Reading Perez-Reverte is one of the most choice pleasures contemporary fiction offers.



This superbly entertaining and intricate thriller, following close on the heels of its predecessors, The Flanders Panel (1994, not reviewed) and The Dumas Club (1997), confirms its Spanish author’s growing reputation as the thinking man’s Robert Ludlum.

When Vatican security is breached by an unknown hacker who breaks into the Pope’s personal computer, all-purpose emissary (and fräre semblable, if you will, to James Bond) Father Lorenzo Quart is sent to Seville to investigate two mysterious deaths, learn the meaning of cryptic messages that importune the Pontiff to rescue a dilapidated church, Our Lady of the Tears—and also to deduce the identity of the high-tech interloper papal subordinates have dubbed “Vespers.” Perez-Reverte smoothly works into his unfailingly absorbing narrative a colorful parade of power-brokers and schemers, ecclesiastical and secular alike. Among them: Cardinal Iwaszkiewicz, the Pope’s truculent countryman, who mourns the bygone Inquisition; bank executive Pencho Gavira, who has lost his beautiful wife Macarena to a young bullfighter and fights to keep control of a “development coup” that requires Our Lady to be demolished; an amusing criminal trio (who might have stepped out of the pages of Oliver Twist) comprising “former fake lawyer” Don Ibrahim, passe flamenco singer La Nina, and unfrocked boxer El Potro; and—best of all—Our Lady’s Father Priamo Ferro, “an insubordinate astronomer priest” whose stargazing avocation coexists uneasily with his stubborn refusal to hold onto his imperiled church. Father Lorenzo keeps encountering suspicious people, any of whom might be Vespers, as the body count rises and as ingeniously juxtaposed plots and counterplots twist toward a climax that puts Quart at the amorous mercy of the seductive Macarena and sees Father Ferro arrested for a murder to which he has perhaps falsely confessed. The identity of Vespers, and a stunning disclosure about Father Ferro saved for the very last sentence, bring this literate whodunit to a deliciously satisfying conclusion.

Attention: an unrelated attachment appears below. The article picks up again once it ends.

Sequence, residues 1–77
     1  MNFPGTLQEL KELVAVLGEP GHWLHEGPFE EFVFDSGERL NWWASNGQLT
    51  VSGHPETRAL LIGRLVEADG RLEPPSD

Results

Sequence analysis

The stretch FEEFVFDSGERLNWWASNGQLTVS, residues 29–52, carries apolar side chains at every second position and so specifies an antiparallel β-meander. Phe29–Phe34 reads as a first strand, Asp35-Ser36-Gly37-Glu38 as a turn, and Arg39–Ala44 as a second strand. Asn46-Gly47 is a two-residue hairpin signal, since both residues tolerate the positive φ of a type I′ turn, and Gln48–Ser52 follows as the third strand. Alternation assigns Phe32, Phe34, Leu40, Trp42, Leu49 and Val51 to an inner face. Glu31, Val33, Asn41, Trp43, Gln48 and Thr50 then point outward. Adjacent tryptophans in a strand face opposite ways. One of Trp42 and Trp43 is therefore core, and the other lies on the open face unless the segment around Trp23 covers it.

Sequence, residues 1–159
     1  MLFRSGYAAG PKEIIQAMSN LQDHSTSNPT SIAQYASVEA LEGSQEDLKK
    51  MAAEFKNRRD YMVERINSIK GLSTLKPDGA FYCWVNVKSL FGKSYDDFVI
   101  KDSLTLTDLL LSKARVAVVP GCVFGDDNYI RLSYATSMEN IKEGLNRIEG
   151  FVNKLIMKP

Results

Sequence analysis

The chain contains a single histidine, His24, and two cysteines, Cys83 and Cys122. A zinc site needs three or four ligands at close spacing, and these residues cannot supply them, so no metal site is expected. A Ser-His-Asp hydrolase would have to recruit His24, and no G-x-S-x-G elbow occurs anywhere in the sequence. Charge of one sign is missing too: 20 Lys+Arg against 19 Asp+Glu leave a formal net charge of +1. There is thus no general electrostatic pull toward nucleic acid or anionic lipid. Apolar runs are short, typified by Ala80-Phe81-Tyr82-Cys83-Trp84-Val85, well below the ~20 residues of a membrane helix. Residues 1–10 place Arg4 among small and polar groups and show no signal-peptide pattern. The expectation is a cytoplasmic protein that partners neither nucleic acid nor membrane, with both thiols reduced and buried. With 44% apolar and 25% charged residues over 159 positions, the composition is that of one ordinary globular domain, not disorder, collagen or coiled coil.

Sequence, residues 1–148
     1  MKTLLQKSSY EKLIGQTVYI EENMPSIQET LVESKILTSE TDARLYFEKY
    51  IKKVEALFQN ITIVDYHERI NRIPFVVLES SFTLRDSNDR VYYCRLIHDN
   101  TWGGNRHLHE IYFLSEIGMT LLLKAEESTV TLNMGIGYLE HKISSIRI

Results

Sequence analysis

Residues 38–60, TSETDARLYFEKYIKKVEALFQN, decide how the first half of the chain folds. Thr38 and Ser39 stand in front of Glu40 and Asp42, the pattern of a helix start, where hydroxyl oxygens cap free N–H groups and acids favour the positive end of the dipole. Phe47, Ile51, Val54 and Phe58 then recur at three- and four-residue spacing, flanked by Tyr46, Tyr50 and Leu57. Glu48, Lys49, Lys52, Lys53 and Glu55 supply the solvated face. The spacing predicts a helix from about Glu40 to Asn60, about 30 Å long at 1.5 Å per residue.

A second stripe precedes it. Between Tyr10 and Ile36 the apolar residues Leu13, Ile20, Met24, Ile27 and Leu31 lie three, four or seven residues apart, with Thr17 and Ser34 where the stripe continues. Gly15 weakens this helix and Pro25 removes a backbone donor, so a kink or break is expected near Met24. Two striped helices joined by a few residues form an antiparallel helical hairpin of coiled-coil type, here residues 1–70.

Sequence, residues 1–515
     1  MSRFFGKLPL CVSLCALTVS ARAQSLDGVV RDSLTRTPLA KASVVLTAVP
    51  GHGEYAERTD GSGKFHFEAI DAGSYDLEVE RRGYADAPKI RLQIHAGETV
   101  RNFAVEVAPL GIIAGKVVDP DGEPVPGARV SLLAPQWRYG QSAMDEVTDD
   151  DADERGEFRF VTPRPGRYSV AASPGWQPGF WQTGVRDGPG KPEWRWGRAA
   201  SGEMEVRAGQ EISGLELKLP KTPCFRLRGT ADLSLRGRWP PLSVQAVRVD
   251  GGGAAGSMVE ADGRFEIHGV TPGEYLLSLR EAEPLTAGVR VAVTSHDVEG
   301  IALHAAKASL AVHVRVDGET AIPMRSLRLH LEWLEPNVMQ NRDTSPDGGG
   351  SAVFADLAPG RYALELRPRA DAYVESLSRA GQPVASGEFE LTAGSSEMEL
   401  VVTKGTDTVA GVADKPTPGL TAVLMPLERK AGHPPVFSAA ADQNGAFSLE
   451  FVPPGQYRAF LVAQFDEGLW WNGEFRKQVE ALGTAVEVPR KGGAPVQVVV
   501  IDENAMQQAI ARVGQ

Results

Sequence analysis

Reading Perez-Reverte is one of the most choice pleasures contemporary fiction offers.

Pub Date: April 1, 1998

ISBN: 0-15-100283-5

Page Count: 400

Publisher: Harcourt

Review Posted Online: May 20, 2010